Why One Size Does Not Fit All When it Comes to Feedback

Julie Shenkman
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Giving constructive feedback doesn't just mean providing a performance review once a year about an employee's conduct, what he could do better or how good he is at adapting to the company culture. It also involves letting employees know about expectations in the workplace, whether that involves the dress code, when it's appropriate to use a mobile device or how to work as a team. An effective constructive feedback process starts with an individualized approach.

Use an Individualized Approach

Managers need to recognize that not all employees are the same. When an employee is hired, sit down with him and ask him what type of evaluation he prefers. Does he want to meet regularly with you once a month, with a more formal evaluation after six months and then a year? Maybe he prefers to be more autonomous and have you come to him if you see issues rather than him going to you with constant questions. Be clear about your expectations for him and his performance, and when you do have to give constructive feedback about his behavior, try to remain neutral and not be judgmental.

Technology has changed the way people view feedback, and some people expect an almost on-demand response to their requests for evaluation. Employees may want to know where they can improve and start making those changes right away, rather than finding out a year later they should have been doing something else.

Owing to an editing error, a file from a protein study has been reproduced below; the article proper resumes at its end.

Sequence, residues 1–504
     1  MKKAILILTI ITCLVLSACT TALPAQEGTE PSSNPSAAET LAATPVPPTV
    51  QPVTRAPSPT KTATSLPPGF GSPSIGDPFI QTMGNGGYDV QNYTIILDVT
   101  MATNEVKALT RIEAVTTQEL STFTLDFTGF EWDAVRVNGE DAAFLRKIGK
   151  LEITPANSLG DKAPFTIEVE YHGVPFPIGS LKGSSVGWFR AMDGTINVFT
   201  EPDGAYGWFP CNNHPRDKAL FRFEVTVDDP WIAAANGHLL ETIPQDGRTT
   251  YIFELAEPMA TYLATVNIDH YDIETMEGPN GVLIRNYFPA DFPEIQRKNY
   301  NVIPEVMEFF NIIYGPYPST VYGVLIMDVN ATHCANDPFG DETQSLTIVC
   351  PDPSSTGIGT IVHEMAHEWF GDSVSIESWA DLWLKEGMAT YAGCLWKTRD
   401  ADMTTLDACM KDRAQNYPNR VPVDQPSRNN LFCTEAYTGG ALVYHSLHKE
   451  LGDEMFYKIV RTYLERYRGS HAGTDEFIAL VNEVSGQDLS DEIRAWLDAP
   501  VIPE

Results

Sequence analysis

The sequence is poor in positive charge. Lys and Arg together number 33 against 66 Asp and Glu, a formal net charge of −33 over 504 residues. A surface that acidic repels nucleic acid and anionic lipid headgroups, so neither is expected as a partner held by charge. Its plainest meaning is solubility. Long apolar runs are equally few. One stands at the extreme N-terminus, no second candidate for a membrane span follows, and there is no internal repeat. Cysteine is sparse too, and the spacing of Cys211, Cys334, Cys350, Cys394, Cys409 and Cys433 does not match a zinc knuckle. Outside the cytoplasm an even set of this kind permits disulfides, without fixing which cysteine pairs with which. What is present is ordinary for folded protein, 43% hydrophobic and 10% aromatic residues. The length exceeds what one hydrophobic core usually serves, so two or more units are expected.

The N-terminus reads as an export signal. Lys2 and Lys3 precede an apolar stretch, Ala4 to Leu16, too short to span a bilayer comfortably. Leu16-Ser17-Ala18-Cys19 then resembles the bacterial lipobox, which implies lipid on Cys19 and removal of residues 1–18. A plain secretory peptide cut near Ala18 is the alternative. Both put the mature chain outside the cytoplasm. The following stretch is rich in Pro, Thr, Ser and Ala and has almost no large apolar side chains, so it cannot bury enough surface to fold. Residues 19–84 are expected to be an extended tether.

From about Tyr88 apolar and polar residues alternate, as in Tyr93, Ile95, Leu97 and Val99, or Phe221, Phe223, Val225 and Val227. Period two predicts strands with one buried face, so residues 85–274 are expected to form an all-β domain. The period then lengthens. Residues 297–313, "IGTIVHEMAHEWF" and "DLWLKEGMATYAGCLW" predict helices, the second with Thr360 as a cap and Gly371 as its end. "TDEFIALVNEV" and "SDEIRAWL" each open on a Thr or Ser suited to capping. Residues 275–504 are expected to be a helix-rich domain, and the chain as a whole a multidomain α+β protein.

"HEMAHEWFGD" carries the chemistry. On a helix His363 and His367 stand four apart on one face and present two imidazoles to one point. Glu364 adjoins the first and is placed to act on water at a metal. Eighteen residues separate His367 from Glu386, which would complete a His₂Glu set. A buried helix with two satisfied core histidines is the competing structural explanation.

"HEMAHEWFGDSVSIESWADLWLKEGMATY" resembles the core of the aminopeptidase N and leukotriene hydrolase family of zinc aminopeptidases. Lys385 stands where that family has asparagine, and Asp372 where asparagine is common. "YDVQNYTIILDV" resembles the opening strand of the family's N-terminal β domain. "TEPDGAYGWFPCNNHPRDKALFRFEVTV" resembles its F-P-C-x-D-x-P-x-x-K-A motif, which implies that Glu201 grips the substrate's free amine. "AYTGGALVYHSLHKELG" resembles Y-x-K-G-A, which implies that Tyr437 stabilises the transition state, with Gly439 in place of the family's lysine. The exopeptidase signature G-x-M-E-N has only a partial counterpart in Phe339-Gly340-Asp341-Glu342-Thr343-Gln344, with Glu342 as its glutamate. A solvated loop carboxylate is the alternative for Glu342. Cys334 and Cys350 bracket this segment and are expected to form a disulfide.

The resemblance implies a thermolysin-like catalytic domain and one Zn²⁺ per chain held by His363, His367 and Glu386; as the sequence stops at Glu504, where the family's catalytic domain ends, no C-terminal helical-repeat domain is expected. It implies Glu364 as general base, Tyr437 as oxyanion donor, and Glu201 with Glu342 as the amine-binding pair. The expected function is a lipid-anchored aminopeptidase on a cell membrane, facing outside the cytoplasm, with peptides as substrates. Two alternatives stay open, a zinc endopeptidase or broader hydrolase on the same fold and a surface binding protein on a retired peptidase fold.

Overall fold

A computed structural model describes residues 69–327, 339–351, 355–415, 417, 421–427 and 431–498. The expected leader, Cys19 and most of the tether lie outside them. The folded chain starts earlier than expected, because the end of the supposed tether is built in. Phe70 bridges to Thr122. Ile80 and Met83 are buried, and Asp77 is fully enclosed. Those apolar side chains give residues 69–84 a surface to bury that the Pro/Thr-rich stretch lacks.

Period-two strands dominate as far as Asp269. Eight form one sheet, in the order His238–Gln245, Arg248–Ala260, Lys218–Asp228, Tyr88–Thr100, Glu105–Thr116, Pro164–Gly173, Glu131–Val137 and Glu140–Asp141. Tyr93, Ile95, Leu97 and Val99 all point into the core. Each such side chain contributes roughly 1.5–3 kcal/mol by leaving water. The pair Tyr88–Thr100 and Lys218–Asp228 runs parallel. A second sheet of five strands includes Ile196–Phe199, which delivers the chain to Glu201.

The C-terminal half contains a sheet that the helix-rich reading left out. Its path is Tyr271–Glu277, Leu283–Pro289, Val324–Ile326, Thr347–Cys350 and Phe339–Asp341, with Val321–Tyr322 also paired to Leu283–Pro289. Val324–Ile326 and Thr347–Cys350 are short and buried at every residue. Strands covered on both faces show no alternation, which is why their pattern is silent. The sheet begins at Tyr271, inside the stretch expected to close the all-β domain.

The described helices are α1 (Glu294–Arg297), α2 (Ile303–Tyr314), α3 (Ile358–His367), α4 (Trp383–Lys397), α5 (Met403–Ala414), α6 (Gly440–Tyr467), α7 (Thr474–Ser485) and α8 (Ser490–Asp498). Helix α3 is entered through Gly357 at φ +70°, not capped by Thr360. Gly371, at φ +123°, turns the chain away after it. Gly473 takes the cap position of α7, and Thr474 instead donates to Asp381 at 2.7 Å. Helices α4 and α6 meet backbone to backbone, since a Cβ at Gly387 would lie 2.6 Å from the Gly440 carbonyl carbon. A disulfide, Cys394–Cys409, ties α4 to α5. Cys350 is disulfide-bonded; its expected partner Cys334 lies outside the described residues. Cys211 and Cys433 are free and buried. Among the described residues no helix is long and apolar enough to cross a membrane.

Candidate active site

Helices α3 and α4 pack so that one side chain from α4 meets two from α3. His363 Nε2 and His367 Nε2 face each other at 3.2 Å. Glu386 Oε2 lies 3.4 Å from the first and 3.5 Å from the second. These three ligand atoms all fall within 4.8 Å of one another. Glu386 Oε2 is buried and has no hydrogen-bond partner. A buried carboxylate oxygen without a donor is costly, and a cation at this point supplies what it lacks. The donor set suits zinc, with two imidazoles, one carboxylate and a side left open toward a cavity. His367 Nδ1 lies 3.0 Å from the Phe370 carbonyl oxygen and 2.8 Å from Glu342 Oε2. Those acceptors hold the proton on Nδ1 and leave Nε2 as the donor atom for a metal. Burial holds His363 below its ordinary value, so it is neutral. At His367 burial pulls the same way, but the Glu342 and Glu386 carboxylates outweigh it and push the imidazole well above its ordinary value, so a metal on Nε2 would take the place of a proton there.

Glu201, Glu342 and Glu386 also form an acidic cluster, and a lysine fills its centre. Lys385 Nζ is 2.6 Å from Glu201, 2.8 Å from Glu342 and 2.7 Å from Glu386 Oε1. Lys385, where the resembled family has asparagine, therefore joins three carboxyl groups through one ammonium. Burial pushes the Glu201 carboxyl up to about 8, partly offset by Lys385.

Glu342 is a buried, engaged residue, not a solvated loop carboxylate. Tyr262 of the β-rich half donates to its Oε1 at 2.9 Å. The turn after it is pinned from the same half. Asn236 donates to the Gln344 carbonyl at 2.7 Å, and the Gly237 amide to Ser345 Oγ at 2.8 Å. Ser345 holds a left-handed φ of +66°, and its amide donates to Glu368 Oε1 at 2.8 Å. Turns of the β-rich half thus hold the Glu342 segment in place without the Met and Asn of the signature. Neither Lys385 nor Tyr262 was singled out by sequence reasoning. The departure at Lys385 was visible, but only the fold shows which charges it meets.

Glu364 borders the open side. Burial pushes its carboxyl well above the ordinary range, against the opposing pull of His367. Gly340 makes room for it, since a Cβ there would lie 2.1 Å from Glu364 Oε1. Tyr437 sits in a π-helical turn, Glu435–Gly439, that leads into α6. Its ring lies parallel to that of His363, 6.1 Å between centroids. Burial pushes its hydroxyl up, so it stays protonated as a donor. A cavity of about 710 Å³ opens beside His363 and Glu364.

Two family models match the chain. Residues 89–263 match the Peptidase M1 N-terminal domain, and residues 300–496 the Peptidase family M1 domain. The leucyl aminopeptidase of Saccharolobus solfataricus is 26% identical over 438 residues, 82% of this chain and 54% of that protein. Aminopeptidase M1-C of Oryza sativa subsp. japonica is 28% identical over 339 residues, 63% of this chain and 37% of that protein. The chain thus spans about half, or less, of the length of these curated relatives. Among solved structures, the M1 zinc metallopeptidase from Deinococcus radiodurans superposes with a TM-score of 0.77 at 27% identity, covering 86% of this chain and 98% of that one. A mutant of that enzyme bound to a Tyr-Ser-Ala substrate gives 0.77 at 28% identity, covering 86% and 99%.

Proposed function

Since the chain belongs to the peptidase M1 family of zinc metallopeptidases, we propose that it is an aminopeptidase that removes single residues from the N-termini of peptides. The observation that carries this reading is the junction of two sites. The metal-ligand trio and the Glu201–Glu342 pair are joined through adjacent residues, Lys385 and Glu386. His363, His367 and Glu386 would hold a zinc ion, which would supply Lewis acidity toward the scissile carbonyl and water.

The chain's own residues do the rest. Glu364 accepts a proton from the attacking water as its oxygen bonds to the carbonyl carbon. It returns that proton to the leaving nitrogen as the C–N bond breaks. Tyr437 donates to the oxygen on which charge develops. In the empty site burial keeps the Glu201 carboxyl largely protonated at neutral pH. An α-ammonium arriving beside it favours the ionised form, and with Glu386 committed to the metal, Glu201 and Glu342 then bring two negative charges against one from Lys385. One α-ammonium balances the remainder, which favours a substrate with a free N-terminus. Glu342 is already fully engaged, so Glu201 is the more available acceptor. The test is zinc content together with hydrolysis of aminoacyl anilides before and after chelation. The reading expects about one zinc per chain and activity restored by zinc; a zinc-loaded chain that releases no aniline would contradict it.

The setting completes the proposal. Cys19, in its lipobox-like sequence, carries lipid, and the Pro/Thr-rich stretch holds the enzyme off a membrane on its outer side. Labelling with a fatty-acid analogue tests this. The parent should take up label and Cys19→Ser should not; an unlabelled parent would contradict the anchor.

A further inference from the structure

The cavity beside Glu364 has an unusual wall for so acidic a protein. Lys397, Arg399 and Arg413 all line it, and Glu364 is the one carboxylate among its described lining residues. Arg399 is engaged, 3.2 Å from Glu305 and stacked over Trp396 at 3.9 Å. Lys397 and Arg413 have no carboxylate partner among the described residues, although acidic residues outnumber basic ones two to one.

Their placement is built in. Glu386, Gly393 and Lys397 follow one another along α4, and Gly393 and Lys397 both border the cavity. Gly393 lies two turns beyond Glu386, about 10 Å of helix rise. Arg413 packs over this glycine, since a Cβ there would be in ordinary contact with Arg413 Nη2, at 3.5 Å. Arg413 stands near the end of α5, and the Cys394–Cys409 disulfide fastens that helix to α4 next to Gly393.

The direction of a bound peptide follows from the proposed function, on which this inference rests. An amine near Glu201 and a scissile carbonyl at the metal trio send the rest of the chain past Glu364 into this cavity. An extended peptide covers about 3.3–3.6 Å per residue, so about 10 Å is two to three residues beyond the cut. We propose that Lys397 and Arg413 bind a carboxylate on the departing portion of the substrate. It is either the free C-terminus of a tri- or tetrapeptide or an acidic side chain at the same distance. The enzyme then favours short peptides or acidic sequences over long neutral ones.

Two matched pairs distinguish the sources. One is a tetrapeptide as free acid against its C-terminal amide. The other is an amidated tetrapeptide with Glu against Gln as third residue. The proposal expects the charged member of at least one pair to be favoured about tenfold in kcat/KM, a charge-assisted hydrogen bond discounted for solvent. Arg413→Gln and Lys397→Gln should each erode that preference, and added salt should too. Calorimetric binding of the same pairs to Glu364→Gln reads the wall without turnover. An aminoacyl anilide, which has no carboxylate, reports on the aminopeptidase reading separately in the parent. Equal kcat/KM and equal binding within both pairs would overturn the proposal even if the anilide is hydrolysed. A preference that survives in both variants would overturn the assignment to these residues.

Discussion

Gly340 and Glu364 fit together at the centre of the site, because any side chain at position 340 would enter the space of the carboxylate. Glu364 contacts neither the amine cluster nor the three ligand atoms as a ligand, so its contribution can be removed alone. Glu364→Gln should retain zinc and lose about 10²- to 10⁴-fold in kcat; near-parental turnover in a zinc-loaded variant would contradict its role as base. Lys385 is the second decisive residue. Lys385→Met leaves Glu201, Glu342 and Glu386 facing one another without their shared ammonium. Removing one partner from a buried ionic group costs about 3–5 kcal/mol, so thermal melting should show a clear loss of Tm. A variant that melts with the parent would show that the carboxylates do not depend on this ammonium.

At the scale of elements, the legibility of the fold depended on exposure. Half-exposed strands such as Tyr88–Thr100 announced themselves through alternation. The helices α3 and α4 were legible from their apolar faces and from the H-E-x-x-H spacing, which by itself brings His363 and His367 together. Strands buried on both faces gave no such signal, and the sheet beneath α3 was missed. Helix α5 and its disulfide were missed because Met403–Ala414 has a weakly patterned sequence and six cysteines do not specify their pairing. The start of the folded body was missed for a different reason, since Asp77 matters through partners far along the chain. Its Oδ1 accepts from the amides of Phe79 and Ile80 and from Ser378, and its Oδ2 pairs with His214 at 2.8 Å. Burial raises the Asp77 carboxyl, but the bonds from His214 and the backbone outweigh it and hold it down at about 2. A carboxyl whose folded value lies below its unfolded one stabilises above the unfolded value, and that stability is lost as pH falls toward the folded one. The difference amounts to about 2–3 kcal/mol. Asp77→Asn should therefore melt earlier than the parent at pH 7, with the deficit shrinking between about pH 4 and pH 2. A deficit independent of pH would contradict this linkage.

Give Solutions, Not Just Criticism

Constructive feedback comes about when you balance out criticisms with solutions. An employee may not be doing a good job and needs to know there's a problem. But just telling him there's a problem isn't enough. A good manager offers up solutions for how an employee can improve his performance. For example, if an employee has trouble getting to work on time or isn't following the dress code, a manager must first make sure the employee understands the expectations of the workplace. Sitting down and having an honest conversation first is vital in the constructive feedback process. Is there an established time when the employee is supposed to be at work, or does everyone seem to come in at different times? Is there a dress code to enforce? For an employee to be able to make positive changes, he needs to be given clear expectations of what the company wants from him. Then, if he continues to exhibit the same behavior, give him specific examples of where he's disregarding company rules, and help him come up with specific solutions of how to fix those problems. Balancing out criticisms with solutions is also a good strategy to use during regular performance reviews.

Most employees put their best foot forward on the job, as this often translates to bonuses, raises and recognition. A frequent constructive feedback process lets employees know where they stand and helps them pinpoint areas that need improvement. A one-size-fits-all feedback approach doesn't work for everyone, as different employees have different motivations and values.

Photo courtesy of Stuart Miles at FreeDigitalPhotos.net


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